Specifically, the fifth amended complaint alleged that All Pro, Daddono and Khano withheld premiums, allowed the balance in the PFTA to be less than the amount deposited less lawful withdrawals, allowed the PFTA to have a negative balance on four specific dates, misappropriated fiduciary funds, acted in a financially irresponsible manner, commingled funds, failed to maintain cash receipts, failed to maintain a cash disbursement register, failed to document in writing commissions withdrawn from the PFTA, failed to support PFTA journal entries with receipts, and failed to maintain books and record for seven years. The fifth amended complaint alleged that Safeway sustained money damages in the amount of $22,079.

The trial court dismissed Safeway's fifth amended complaint as to Daddono and Khano with prejudice. In the same order, the trial court granted All Pro's motion to dismiss and granted Safeway 28 days to "attach the missing exhibits to the fifth amended complaint." Safeway now timely appeals the judgment as to Daddono and Khano individually.

II. ANALYSIS

Safeway argues that the trial court erred in dismissing its fifth amended complaint where the complaint adequately stated a cause of action against Daddono and Khano individually for violations of the Illinois Insurance Code and breach of fiduciary duty. Safeway additionally argues that it is proper to plead against Daddono and Khano in the alternative.

We review a dismissal under section 2-615 of the Code of Court Procedure (735 ILCS 5/2-615 (West 1996)) de novo. Neade v. Portes, 193 Ill. 2d 433, 439 (2000). We take as true all well-pled facts and reasonable inferences therefrom and consider only those facts in the pleading and included in attached exhibits. Weatherman v. Gary-Wheaton Bank of Fox Valley, 186 Ill. 2d 472, 491 (1999). We will not affirm dismissal of a complaint unless it is clear that a plaintiff cannot prove a set of facts that will entitle him to the relief sought. Board of Directors of Bloomfield Club Recreation Ass'n v. The Hoffman Group, Inc., 186 Ill. 2d 419, 424 (1999). However, legal conclusions and factual conclusions that are unsupported by allegations of specific facts will be disregarded in ruling on a motion to dismiss. Cummings v. City of Waterloo, 289 Ill. App. 3d 474, 479 (1997).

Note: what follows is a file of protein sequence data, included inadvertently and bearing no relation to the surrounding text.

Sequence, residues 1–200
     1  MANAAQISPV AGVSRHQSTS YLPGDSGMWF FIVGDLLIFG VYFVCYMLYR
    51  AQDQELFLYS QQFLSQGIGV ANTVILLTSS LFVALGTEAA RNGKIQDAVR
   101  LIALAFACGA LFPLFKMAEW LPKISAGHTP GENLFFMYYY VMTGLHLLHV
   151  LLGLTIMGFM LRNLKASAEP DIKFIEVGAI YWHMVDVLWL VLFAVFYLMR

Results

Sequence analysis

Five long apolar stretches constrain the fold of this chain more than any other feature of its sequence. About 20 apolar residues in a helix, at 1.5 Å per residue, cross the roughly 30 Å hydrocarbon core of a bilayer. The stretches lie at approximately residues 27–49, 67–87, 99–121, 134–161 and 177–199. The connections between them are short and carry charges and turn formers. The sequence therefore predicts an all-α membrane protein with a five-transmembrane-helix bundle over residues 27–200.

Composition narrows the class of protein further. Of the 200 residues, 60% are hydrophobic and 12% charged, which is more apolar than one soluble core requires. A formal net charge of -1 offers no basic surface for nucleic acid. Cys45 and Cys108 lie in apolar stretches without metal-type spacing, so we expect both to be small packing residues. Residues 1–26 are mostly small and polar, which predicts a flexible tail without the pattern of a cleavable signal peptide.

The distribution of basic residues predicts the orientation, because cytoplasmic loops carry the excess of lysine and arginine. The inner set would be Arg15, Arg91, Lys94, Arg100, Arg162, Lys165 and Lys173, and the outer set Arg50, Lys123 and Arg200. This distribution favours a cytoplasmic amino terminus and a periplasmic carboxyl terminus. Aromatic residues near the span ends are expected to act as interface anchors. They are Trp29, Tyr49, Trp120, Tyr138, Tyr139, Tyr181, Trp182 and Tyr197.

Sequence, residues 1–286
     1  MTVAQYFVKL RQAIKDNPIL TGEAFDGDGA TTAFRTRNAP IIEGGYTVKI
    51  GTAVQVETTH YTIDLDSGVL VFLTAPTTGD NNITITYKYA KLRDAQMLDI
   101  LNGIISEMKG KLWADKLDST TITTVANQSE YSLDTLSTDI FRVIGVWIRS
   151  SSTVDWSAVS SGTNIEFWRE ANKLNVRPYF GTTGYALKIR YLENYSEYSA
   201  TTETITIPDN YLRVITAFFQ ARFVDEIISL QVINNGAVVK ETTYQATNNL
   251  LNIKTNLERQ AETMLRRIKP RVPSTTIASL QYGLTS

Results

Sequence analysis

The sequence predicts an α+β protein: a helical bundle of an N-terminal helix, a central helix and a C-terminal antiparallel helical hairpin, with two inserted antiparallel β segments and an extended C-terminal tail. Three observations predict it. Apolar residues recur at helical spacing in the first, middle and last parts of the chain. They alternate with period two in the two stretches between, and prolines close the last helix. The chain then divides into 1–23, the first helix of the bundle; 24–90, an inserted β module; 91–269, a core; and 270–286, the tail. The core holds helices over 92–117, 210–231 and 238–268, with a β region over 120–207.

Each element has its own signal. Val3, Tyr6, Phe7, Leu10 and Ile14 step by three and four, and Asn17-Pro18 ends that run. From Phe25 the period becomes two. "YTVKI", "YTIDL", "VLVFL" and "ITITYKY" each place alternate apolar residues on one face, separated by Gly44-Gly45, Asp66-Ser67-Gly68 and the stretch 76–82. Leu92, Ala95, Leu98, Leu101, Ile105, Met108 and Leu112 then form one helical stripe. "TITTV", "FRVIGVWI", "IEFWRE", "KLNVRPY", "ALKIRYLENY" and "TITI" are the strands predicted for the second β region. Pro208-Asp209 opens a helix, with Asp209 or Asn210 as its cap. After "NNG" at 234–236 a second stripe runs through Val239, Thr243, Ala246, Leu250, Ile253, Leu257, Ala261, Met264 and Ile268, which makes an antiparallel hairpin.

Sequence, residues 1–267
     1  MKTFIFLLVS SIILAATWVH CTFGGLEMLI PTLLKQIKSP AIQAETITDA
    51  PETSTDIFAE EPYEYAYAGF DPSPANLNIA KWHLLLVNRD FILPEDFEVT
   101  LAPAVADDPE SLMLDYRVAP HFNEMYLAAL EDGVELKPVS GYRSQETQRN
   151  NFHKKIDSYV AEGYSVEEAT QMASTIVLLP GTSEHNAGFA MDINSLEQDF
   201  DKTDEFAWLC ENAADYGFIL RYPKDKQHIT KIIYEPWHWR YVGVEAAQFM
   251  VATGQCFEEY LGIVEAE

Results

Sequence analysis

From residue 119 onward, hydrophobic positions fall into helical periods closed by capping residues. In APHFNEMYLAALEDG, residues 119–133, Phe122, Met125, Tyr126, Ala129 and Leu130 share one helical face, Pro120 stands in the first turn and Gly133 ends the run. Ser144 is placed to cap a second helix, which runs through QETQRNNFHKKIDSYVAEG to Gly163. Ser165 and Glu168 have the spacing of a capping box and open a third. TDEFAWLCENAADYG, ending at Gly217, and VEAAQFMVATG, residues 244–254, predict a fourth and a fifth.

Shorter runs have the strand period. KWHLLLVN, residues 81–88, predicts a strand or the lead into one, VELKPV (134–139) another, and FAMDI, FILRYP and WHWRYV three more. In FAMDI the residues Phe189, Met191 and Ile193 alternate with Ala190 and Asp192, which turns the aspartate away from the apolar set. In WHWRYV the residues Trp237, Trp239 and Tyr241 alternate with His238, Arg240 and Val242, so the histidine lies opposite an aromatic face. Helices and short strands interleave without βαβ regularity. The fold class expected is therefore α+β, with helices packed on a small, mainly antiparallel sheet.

Section 508.1 of the Illinois Insurance Code (215 ILCS 5/508.1 (West 1996) (now 215 ILCS 5/500-115 (West Supp. 2001)) stated in pertinent part:

"Any money which an insurance producer *** receives for *** policies of insurance shall be held in a fiduciary capacity, and shall not be misappropriated, converted or improperly withheld. Any insurance company which delivers to any insurance producer in this State a policy or contract for insurance pursuant to the application or request of an insurance producer, authorizes such producer to collect or receive on its behalf payment of any premium which is due on such policy or contract for insurance***." 215 I LCS 5/508.1 (West 1996).